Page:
Most Likely: Following the signal sent by the Fed to financial markets, the BoE has also signaled its intention to maintain its interest rate policy for a while. Core inflation should remain within the 2 per cent to 2.5 per cent range, which means returns from cash remain negative. Headline inflation is unlikely to come down significantly over the coming quarter due to UK sterling’s weakness and lack of labour force.
Worst Case: The worst-case scenario for cash savers is that inflation continues to rise with cost-push pressures at the fore. Another likely headwind is UK sterling weakness as Brexit negotiations turn sour and imported inflation compounds woes, with the BoE refraining from further tightening for the already weakened consumer.
Best Case: Any progress in Brexit negotiations could well be taken by the BoE as a signal to continue tightening, especially if wage growth surprises to the upside. In such a scenario, returns to cash would improve, despite staying negative. Similarly to government bonds, cash could also act a safe-haven with financial markets being undermined by global trade tensions.
Most Likely: Which central bank will cut its interest rates first? Expectations for the Fed to cut interest rate levels are high, while the US economy is showing resilience. The returns on bond markets are likely to stay volatile as investors will wait for any indication of a recession. With the risk of increasing interest rates being limited, credit markets might outperform if companies keep on improving their balance sheets.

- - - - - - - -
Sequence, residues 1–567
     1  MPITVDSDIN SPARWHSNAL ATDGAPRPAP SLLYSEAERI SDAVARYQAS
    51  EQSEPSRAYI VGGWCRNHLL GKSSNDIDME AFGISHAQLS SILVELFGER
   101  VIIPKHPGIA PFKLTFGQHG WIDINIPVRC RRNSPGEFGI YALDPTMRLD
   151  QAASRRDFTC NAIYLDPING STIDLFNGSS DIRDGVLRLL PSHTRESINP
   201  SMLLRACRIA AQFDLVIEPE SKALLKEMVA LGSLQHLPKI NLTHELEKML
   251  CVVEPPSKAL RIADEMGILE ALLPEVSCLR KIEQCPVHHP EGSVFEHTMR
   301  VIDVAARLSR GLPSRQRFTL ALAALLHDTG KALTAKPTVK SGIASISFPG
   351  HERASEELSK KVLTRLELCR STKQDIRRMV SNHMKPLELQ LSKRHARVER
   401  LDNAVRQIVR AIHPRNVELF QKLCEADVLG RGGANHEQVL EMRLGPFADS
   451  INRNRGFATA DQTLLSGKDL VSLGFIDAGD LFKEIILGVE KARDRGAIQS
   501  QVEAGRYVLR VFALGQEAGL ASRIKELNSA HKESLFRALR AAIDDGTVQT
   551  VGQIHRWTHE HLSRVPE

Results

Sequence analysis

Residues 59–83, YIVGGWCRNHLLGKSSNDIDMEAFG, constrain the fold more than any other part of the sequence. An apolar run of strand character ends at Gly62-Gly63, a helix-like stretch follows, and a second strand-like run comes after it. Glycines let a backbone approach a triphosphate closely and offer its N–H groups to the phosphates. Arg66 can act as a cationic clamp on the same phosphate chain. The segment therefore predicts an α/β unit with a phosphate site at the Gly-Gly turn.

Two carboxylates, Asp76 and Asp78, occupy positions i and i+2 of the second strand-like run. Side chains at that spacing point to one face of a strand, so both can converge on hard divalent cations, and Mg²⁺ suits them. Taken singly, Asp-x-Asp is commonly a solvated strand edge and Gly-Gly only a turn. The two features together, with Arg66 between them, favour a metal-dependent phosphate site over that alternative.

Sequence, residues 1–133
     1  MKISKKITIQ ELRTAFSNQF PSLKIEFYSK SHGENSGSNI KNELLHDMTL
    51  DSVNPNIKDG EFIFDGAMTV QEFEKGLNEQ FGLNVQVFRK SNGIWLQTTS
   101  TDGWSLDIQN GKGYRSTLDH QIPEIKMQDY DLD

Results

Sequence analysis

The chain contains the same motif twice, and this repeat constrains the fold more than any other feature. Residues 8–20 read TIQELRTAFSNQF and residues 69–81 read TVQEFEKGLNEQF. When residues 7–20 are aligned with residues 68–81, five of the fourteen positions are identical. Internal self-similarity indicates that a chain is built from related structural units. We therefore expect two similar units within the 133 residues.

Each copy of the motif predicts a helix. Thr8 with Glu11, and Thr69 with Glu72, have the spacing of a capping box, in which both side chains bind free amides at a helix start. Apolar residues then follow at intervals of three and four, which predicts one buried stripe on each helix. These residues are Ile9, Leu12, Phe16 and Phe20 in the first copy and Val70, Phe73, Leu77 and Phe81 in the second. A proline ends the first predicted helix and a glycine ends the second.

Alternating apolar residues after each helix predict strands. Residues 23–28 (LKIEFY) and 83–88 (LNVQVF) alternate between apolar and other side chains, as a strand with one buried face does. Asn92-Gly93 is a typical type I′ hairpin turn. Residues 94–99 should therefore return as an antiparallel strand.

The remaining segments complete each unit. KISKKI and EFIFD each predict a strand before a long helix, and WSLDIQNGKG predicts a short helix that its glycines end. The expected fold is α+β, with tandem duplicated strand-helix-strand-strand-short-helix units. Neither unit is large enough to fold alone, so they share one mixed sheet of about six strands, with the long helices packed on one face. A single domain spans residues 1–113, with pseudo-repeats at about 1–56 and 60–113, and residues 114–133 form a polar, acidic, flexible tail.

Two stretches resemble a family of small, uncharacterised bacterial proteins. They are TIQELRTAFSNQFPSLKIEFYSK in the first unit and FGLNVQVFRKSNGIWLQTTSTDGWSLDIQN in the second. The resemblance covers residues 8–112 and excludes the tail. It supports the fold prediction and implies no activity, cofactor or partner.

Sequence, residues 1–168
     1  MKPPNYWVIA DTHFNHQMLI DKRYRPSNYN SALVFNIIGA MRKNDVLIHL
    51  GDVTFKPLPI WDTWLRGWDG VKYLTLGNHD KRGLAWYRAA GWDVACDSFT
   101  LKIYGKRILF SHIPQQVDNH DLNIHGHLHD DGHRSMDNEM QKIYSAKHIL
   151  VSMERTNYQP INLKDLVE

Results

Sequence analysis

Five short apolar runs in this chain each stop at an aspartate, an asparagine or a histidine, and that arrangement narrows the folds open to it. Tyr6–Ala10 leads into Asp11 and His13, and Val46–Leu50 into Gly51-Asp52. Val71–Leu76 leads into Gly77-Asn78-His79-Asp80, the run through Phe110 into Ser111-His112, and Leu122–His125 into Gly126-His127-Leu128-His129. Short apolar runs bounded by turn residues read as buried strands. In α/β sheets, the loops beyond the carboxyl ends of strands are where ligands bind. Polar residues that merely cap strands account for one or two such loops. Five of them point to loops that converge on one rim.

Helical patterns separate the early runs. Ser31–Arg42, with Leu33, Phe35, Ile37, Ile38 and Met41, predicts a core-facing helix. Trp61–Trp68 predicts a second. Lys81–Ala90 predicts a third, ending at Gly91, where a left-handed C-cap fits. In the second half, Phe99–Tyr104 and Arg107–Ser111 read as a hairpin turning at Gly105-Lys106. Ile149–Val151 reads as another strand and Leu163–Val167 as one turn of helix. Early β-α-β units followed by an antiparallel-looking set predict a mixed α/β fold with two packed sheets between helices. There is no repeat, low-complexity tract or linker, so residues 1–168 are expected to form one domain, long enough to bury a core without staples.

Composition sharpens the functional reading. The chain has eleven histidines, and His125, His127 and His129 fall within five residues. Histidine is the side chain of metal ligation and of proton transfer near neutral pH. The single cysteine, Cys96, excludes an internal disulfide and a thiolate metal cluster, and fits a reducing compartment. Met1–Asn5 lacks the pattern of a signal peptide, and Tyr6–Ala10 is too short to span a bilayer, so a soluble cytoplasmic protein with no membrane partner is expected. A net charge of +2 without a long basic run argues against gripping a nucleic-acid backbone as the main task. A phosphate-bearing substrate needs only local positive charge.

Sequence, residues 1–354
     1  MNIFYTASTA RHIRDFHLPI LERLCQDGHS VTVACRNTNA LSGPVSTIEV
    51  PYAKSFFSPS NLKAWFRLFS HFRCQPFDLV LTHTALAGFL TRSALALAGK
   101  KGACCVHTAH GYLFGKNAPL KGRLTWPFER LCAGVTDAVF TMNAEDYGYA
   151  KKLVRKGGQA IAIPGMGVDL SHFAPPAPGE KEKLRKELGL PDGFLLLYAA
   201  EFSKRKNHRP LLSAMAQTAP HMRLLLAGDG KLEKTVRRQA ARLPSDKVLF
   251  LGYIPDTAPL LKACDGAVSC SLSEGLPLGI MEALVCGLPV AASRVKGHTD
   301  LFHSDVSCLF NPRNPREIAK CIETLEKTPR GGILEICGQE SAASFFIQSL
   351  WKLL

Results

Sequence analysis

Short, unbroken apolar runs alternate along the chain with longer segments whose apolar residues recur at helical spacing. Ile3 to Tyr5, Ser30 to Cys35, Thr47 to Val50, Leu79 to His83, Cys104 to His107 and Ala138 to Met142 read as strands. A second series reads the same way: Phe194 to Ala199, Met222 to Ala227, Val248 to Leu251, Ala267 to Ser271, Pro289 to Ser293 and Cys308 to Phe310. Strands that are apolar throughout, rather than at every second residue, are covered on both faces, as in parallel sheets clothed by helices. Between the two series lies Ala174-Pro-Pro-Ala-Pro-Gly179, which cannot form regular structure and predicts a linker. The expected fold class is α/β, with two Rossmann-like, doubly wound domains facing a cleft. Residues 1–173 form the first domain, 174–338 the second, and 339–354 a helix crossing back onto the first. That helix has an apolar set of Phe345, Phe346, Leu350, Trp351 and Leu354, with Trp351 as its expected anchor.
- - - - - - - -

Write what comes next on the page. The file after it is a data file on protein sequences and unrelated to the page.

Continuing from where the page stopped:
Worst Case: After several years of monetary stimulus, we might have reverted to a normal situation where any sign of wage growth and inflation is bad news for bond markets. Markets have quickly interpreted the Fed’s recent decisions as: the recession is down the road. Any sign that global economies are nowhere near recession could bring yields up, which will drag both government and corporate bond markets. The oil price and the relations with Iran could also be negative.
Best Case: Bond markets might have already priced in negative news – as such the upside is now limited. But political uncertainty will continue to act as a drag on bond yields, anchoring the investors’ expectations to lower levels from current ones. Companies might further delay their capital expenditure decisions and lower their debt level. The low level of debt supply relative to demand might boost bond prices.
Most Likely: In the UK, as for the past three years, Brexit talks are dominating sentiment and we should see returns in the sector closely linked to news coming out. Elsewhere, with interest rates still low compared to property yields, further progress should be made, and a weakening pound will help the overseas investments of UK investors.
Worst Case: A softening in the US economy and the Fed cutting interest rates would be negative signals for US property investors and could spill over to the rest of the world. In mainland Europe, Germany dominates the market and further rent-control news could undermine investors’ sentiment. The UK could follow the US path if the likelihood of a no deal materialises and signs of a recession show.
Best Case: A resolution (or even the perception of a resolution) to the chaotic Brexit negotiations with the EU would lift uncertainty off investors’ shoulders and, provided the outcome is a trade deal, would give reassurance about the future of the UK economy. On the other side of the pond, an interest rate cut could reinvigorate the market by making mortgages more affordable.